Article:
comment by Linch ·
2020-01-10T12:19:40.876Z · EA(p) · GW(p)
Donation: Slightly over 10% of 2019 income* (plus some backlog from 2018).
Intervention: I gave almost all of it to the Long-term Future Fund. There were much smaller amounts that I gave to individuals (not tax deductible) for things that I personally thought, based on local knowledge, were more high-impact in expectation than the average LTFF project (low credence).
Reasoning: I got convinced about longtermism at some point in 2017, after some soul-searching, reading through Reasons and Persons and thinking through how to host a good meetup on population ethics. To some degree, I think this is overdetermined since many other serious EAs made the same update around that time or a little earlier.
On the margin, I think it's probably most valuable according to my current values to donate to direct longtermism or meta-EA.
For the amount, I (rather publicly) committed to the Giving What We Can pledge to donate 10%+ of my income, which seems like a safe lower bound. For the upper bound, I decided not to give substantially higher amounts because I wanted to have the option of quitting my job and self-fund potential EA projects or retraining. The exact amount was dictated to a large degree by logistics.
For charities, I did not do a lot of research on best charities in the meta or the longtermism space, except lightly investigating a few options and reading through some EA forum posts. I did not find significant donation opportunities I was confident about that I think LTFF would have overlooked.
Based on the information above, an obvious question is why I didn't donate to the Donor Lottery instead. The answer is that I would have preferred to give to the donor lottery, but logistical stuff prevented this from being realistic.
Another reason I did not give to organizations other than the LTFF was that I do not find the arguments for giving to multiple charities (rather than just one) to be compelling, for small donors.
I feel somewhat guilty for not spending more time thinking carefully about donation opportunities, and wish to do better in the future.
First of all, calculating income was annoying because, eg, some of my compensation was not liquid. I decided to be conservative and used a fairly high estimate as a base to calculate the 10%.
I had some backlog from 2018. I (intentionally) gave less than 10% in 2018 because I thought lumping my donations in one year would be better for tax reasons (this turned out to be much less practically relevant than I initially believed**).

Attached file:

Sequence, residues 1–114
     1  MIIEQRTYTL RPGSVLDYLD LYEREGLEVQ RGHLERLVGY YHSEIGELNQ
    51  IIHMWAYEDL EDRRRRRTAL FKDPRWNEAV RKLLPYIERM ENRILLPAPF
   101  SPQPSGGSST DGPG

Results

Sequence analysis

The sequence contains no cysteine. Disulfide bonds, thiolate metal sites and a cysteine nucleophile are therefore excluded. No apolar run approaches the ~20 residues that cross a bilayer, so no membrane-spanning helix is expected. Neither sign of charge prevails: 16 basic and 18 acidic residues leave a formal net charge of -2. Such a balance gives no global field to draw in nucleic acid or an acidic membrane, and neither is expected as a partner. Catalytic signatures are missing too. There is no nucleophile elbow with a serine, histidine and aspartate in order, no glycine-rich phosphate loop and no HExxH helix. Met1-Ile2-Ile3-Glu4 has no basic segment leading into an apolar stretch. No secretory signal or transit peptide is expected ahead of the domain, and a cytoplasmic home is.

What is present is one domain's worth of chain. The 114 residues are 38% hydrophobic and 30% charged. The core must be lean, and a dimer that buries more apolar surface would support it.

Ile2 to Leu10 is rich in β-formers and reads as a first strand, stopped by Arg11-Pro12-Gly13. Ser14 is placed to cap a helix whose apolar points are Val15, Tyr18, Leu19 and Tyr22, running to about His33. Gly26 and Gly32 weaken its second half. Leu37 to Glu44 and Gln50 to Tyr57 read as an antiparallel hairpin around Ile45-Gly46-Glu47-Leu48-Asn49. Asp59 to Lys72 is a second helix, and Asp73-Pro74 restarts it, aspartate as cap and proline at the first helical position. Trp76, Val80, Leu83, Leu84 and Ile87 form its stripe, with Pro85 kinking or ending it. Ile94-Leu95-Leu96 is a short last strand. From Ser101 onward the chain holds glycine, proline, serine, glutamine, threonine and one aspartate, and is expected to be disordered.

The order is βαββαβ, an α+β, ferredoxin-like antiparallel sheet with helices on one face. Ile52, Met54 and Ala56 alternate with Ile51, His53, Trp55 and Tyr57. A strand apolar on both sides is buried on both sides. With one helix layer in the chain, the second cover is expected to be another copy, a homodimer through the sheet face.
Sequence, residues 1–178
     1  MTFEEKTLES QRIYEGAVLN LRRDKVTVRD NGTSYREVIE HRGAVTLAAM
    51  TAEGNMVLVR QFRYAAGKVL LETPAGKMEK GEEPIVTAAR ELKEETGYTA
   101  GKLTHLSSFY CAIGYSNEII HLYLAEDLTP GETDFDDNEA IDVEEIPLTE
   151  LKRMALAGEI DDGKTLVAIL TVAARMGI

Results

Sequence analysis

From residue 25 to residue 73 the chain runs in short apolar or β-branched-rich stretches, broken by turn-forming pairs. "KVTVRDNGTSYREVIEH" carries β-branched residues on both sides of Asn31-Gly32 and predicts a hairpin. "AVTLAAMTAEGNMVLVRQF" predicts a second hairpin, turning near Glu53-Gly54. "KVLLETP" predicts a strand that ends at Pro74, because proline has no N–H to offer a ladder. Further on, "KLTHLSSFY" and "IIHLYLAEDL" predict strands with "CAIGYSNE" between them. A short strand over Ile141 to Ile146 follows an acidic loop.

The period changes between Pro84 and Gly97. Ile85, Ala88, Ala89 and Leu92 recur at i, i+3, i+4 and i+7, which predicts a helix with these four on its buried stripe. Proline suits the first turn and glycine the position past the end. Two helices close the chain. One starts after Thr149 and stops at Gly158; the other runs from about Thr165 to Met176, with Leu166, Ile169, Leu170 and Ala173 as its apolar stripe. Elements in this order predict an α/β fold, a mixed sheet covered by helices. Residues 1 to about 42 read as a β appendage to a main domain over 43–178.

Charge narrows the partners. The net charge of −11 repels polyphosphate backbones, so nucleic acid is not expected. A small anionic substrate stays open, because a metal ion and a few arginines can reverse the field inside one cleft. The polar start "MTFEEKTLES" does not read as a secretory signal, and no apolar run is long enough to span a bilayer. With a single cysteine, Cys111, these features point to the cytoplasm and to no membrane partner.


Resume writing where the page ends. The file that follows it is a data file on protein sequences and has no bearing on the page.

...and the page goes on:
My previous employer had a 1:1 donation matching program. Before leaving in mid-2019, I figured I should max out the 2019 match. At the time, I would have weakly preferred giving to the donor lottery (which is where I gave for most of my 2018 donations) again, but the donor lottery was not open then (since it was not a prime giving season).
For end-of-year donations, I took part in the Giving Tuesday Facebook Donation Matching Initiative. Facebook gives 1:1 matching to charities of your choice if you donate fast enough (likely <5 seconds). A lot of EAs put substantial work into making this viable and easy to do (shout-out to the EA Giving Tuesday team!). The donor lottery was not an option because of the complex logistics involved, so I again gave to the Long-term future fund.
(Well, specifically, I gave the money to Facebook which is giving it to Rethink Charity which is regranting it to CEA which is setting it aside for the Long-Term Future Fund, who hopefully will direct the money to useful interventions to spend altruistically...)
*"Income" seems like a somewhat nebulous concept unless >90% of your compensation is in cash, but I tried to have a good ballpark estimate. I imagine this problem to be much bigger for people who are, eg, startup founders.
** (Not financial advice. Also pretty America-central problem) Basically, the idea behind lumping donations is that if instead of donating in eg, December 2018 and December 2019, you can instead donate in January 2019 and December 2019, taking the standard deduction in 2018 and itemize in 2019.
This is a pretty good idea for many people in the US. Unfortunately, a) California has a pretty substantial state income tax, which is deductible on your federal income tax and b) it would be irrational not to max out the employer donation matching. So those two combined were already a lot relative to the standard deduction.